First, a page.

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Did Liverpool need to spend more this summer?


Liverpool’s players pose for a group picture prior to the start of the UEFA Champions League final football match between Liverpool and Tottenham Hotspur at the Wanda Metropolitan Stadium in Madrid on June 1, 2019. (Photo by PIERRE-PHILIPPE MARCOU / AFP) (Photo credit should read PIERRE-PHILIPPE MARCOU/AFP/Getty Images)

AFP/Getty Images

After coming one point away from the Premier League title and winning the UEFA Champions League for a sixth time in club history, Liverpool did something few people expected.

It had a quiet summer.

To date, Liverpool has only signed a pair of teenagers, Sepp van den Berg and Harvey Elliot, along with goalkeeper Adrian on a free transfer, to add to the squad. That’s instead of getting involved with the likes of Manchester City, Man United and Arsenal in making big-money transfers over the summer to bolster what’s already a strong team.

Earlier in the summer, manager Jurgen Klopp warned to Liverpool fans to not expect much this summer, even when rumors were swirling that Philippe Coutinho could make a sensational return to Anfield.

” will not be the biggest transfer window of LFC; we invested a lot in the team in the last two years, I would say, Klopp told Liverpool’s website on July 17. “We cannot spend every year in the same manner.

“People talk about it like, ‘Now another £300m or £200m’. There are maybe only two clubs in the world – it looks in the moment like Barcelona and [Real] Madrid can do the same – City and PSG that can do it every year.

“But we are fine. I’m happy with the team, we are really happy. We have to see if we find maybe one position, if we find something for it, but there’s no real pressure because it’s not about signing a player. We have solutions for all the situations.”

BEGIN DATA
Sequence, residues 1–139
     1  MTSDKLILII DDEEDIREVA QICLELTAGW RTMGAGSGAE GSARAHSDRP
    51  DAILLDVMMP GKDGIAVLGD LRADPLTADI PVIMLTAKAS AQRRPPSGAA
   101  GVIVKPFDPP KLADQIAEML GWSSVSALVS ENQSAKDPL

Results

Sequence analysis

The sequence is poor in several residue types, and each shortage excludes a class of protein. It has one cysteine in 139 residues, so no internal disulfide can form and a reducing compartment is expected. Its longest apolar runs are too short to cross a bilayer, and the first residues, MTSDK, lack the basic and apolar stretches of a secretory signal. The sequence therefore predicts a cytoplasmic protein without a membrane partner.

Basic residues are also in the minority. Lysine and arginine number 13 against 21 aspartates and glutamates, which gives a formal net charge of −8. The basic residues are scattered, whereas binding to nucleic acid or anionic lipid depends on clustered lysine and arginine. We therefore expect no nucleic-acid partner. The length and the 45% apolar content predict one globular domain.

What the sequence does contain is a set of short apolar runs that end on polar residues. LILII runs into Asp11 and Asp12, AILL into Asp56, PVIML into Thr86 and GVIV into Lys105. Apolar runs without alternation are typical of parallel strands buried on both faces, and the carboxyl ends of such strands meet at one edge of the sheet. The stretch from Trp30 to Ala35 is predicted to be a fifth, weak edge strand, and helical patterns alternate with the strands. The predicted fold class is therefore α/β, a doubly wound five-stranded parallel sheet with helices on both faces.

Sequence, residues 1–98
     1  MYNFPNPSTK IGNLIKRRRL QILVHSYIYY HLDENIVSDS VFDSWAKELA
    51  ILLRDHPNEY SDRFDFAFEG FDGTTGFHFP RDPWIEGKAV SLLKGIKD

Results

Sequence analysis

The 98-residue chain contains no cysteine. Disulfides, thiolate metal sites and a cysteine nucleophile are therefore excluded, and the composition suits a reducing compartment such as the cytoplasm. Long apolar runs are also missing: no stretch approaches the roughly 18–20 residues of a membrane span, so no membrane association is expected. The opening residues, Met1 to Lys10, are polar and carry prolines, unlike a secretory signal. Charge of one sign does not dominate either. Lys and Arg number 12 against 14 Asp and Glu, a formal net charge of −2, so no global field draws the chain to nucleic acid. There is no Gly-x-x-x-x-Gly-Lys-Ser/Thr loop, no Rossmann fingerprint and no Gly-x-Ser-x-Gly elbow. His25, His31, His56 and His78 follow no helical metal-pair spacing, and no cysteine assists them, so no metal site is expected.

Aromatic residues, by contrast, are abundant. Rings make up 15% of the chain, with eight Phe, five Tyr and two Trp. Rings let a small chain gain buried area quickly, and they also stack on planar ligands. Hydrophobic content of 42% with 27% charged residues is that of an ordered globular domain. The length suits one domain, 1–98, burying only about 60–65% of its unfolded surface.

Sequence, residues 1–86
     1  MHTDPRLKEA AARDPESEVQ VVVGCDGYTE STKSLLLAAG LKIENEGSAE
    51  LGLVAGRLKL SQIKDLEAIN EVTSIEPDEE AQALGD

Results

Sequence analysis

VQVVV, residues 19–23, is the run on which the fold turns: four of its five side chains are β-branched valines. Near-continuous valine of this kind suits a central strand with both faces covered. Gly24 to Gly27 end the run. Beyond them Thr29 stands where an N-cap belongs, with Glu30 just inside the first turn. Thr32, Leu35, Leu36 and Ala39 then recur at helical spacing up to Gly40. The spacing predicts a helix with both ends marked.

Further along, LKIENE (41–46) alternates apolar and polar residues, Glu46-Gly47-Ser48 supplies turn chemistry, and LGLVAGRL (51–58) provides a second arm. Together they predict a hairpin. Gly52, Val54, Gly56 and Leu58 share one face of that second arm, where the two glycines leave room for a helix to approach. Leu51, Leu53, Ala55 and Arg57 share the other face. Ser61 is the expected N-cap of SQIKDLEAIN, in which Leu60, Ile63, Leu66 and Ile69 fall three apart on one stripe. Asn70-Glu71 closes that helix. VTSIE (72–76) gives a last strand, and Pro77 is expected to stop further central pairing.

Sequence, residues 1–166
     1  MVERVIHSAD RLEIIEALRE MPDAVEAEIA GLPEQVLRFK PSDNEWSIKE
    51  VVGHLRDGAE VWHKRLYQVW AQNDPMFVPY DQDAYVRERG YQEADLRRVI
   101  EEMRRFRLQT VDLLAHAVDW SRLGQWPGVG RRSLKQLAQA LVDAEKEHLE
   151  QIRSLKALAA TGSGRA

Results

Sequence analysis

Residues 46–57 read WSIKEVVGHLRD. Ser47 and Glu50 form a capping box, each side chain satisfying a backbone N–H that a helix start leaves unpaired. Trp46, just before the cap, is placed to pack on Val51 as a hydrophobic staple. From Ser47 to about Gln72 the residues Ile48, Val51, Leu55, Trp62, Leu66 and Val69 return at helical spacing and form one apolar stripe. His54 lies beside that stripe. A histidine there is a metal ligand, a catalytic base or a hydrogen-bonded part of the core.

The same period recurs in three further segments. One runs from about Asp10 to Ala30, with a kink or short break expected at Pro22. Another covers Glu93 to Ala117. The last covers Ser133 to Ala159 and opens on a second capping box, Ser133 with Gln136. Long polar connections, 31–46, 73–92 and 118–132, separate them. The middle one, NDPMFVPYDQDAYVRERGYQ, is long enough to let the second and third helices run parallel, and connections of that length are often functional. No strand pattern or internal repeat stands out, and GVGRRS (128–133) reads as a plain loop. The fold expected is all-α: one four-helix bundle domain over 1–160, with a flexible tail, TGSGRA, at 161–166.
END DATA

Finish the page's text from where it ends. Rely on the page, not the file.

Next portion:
In a way, Klopp is correct. Liverpool has spent quite a bit in the transfer market, especially with the signings of defender Virgil Van Dijk and goalkeeper Alisson Becker. Then again, the club were basically able to finance those purchases with the sale of the aforementioned Coutinho to Barcelona. In addition, the club earned more than $100 million last season between Premier League and UEFA Champions League rewards and television money.

But there is precedent that Liverpool’s strategy this summer isn’t a bad one.

The closest example is also the most recent. Tottenham went an entire calendar year, two transfer windows, without adding to their squad. Sure, they didn’t win the Premier League but they made the Champions League Final and still qualified for next year’s Champions League.

In another example from two seasons ago, Real Madrid didn’t make any major signings on its way to winning the 2018 Champions League title.

If you think about it, Liverpool certainly could have won the Premier League last season. If not for two dropped points at Man United, it may have been a double for the Reds. So why improve the squad when there’s no need to improve?

If everyone returns to peak form and fires on all cylinders, there’s no reason why this squad can’t push Man City again and make a deep Champions League run. Plus, with new contracts given over the past year to Mo Salah, Sadio Mane, Roberto Firmino, Jordan Henderson, and Divock Origi, the players are as motivated as ever to improve.

So should Liverpool have spent more this summer? Maybe. But maybe they have everything they already need.